Nagel - The Absurd

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Transcript of Nagel - The Absurd

Journal of Philosophy, Inc.

The Absurd Author(s): Thomas Nagel Source: The Journal of Philosophy, Vol. 68, No. 20, Sixty-Eighth Annual Meeting of the American Philosophical Association Eastern Division (Oct. 21, 1971), pp. 716-727 Published by: Journal of Philosophy, Inc. Stable URL: Accessed: 20/07/2010 11:17Your use of the JSTOR archive indicates your acceptance of JSTOR's Terms and Conditions of Use, available at JSTOR's Terms and Conditions of Use provides, in part, that unless you have obtained prior permission, you may not download an entire issue of a journal or multiple copies of articles, and you may use content in the JSTOR archive only for your personal, non-commercial use. Please contact the publisher regarding any further use of this work. Publisher contact information may be obtained at Each copy of any part of a JSTOR transmission must contain the same copyright notice that appears on the screen or printed page of such transmission. JSTOR is a not-for-profit service that helps scholars, researchers, and students discover, use, and build upon a wide range of content in a trusted digital archive. We use information technology and tools to increase productivity and facilitate new forms of scholarship. For more information about JSTOR, please contact

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stands as valid only if we can findcriteriaforassigning The former a different logical formto 'allegedly'than to 'compulsively'.In this case, the criteriaexist: 'compulsively'is a predicate, 'allegedly' a are sentenceadverb. But in countlessothercases, counterexamples not so easily dismissed.Such an example, bearingon the inference in question,is Otto closed the door partway Therefore Otto closed the door It seems clear to me that betterdata are needed beforeprogress can be made in this area; we need much more refinedlinguistic of classifications adverbial constructions than are presentlyavailable, ifour evidenceconcerning validityis to be good enough to permit a richerlogical theory.In the meantime,Montague's account stands: thereis no reasonto thinka morerefined theory, it can be if produced, should not be obtainable within the framework has he given us.RICHMOND H. THOMASON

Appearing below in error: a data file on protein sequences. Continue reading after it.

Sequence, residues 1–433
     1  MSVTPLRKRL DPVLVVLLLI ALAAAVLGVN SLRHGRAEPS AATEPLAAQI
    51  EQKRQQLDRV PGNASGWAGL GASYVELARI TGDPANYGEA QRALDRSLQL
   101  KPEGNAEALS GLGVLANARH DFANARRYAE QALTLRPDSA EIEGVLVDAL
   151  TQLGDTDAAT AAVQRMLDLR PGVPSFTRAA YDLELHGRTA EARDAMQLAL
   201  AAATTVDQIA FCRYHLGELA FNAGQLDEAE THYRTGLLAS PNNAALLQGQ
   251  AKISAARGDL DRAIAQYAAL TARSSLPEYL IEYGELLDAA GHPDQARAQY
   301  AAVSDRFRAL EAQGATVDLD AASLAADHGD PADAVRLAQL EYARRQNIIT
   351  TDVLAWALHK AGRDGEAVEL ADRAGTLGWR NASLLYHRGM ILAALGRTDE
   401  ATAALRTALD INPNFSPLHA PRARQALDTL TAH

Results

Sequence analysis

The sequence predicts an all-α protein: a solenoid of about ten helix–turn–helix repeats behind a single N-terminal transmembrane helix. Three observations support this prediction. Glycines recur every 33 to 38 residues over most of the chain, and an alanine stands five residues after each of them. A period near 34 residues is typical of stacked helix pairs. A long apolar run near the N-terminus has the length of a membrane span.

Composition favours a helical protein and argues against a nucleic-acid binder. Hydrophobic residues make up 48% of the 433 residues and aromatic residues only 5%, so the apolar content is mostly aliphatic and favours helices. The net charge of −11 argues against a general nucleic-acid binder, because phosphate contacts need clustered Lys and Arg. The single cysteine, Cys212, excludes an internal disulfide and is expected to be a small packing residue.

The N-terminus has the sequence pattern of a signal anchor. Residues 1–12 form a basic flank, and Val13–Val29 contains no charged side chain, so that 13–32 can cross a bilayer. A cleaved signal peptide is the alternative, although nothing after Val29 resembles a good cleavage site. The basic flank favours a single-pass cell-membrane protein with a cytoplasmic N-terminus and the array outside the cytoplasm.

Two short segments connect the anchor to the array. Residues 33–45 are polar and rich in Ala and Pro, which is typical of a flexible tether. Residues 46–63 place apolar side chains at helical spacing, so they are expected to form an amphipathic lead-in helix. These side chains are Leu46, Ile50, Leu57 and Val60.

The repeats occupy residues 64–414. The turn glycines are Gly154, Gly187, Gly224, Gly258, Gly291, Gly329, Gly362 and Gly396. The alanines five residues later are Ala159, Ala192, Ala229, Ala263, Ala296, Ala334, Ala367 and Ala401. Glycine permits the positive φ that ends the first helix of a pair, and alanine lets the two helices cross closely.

Yale University

feel it vividly and continually.Yet the reasons usually offeredin defense of this conviction are patently inadequate: they could not really explain why life is absurd. Why then do they provide a natural expressionforthe sense that it is?I




thatlifeis absurd, and some OST peoplefeelon occasion

Consider some examples. It is oftenremarkedthat nothingwe do now will matterin a millionyears. But if that is true, then by the same token,nothingthat will be the case in a millionyears matters now. In particular,it does not matternow that in a millionyears nothingwe do now will matter.Moreover,even if what we did now weregoing to matter in a millionyears, how could that keep our presentconcernsfrombeing absurd? If theirmatteringnow is not enough to accomplish that, how would it help if they mattereda millionyears fromnow? Whether what we do now will matter in a million years could in only if its mattering a millionyears make the crucial difference period. But then to deny that whatever depended on its mattering,* To be presented an APA symposium The Meaning Life,December in on of 29, will and neither 1971.Co-symposiasts be RogersAlbritton WilliamRichardson; oftheir papersare availableat thistime.